Revolt on Goose Island: The Chicago Factory Takeover and What It Says About the Economic Crisis
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Revised and updated, with a new afterword by the author
“There is much talk about ‘audacity’ these days, but true chutzpah is when the workers take over the factory and take on the bank. Kari Lydersen’s invaluable account of the Republic sit-down strike is an instruction manual for worker dignity.”
—Mike Davis, author of Buda’s Wagon and City of Quartz
December 5, 2008: It wasn’t supposed to work like this. Days after getting a $45 billion bailout from the U.S. government, Bank of America shut down a line of credit that kept Chicago’s Republic Windows & Doors factory operating. The bosses, who knew what was coming, had been sneaking machinery out in the middle of the night. They closed the factory and sent the workers home.
Then something surprising happened: Republic’s workers occupied the factory and refused to leave.
Kari Lydersen, an award-winning reporter, tells the story of the factory takeover, elegantly transforming the workers’ story into a parable of labor activism for the twenty-first century, one that concludes with a surprising and little-reported victory.
leadership stopping them. That’s not the case within our organizational structure. We don’t have union bosses who have the power to stop the workers. We try to figure out, if there’s motivation to fight, how do we become successful rather than telling them no. The UE was among the first unions to place its member organizing in a larger political context, opposing the Vietnam War and fighting for women’s rights and an end to racial discrimination. It was also one of the first unions to embrace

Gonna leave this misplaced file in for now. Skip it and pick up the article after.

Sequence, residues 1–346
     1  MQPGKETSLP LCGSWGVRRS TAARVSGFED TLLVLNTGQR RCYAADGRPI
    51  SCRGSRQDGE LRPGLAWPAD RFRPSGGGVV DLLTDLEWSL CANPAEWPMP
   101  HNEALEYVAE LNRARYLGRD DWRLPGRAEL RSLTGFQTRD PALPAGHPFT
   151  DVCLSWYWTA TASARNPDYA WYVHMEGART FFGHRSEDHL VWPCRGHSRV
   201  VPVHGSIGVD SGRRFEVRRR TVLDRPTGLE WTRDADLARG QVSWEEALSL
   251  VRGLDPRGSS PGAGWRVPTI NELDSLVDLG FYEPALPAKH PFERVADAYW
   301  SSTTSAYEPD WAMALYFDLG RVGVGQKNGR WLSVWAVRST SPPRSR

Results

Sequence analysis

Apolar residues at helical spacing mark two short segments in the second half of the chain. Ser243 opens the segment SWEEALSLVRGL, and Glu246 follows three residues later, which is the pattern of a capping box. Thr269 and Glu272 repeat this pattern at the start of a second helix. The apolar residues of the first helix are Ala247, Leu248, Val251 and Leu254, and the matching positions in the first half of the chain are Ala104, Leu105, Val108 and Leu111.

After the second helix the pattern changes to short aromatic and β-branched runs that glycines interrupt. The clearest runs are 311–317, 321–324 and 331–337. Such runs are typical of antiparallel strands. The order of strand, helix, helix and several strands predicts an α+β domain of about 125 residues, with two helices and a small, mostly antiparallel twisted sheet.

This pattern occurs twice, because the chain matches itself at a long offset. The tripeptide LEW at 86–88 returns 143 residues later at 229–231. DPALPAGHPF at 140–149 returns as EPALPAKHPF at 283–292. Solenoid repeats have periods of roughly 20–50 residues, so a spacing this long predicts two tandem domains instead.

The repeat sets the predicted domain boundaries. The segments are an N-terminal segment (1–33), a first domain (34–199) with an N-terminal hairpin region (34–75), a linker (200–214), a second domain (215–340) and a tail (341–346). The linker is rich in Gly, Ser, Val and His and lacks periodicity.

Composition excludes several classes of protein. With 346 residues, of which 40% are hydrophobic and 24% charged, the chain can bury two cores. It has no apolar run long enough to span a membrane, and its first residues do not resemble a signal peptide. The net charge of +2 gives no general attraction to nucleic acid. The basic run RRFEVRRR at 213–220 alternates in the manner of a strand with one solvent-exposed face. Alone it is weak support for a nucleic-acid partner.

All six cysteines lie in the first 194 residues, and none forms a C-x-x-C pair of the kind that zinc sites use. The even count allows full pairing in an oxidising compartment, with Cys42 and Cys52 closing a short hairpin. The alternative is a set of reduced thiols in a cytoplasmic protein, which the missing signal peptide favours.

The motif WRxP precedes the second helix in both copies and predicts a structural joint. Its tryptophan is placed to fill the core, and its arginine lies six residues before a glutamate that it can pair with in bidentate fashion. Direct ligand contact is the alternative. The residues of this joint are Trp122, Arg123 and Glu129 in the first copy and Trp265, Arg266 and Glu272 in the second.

Republic, earning decent enough wages to bring their families to the United States and also send money to relatives back in Mexico. Many immigrants work at temporary jobs, waiting on streetcorners on blazing summer days or in the freezing winter to be picked up for construction or transient factory work. Those who land steady union jobs like the ones at Republic, with health benefits and paid vacations, would not give them up easily. The news of the suspicious night quickly spread to other
of the occupation was still ahead of them. WILD WEDNESDAY Bomb-sniffing dogs and Secret Service agents were stationed in the alley next to the Bank of America building, inspecting the engines of mail trucks heading to the post office across the street and frisking journalists piling into a white minibus. Police cordons lined the sidewalk, and several squad cars were stationed at each end of the block. All this security had nothing to do with the meeting going on inside Bank of America’s
behind the other two in line. “It isn’t uncommon to see secured lenders take a haircut” he said. But this was more of a buzz cut. Brian Shaw, Republic’s attorney, still seemed shocked by the whole situation. He said it might be precedent-setting. “This could completely change the future of lending, completely! You hear about this happening in other countries, but not in the United States, at least not in the last few decades.” If a public campaign can force a bank to lend—or essentially give,
thought it was being poorly managed, or perhaps intentionally run in a way not conducive to long term survival. “They were highly respected in the industry, but whether it was bad business decisions or corruption they certainly didn’t do what they needed to keep the business going well,” said UE organizer Mark Meinster. In May 2004 Republic began supplying windows to Pacesetter, an Omaha-based home improvement company that had recently closed its own window factory, laying off seventy union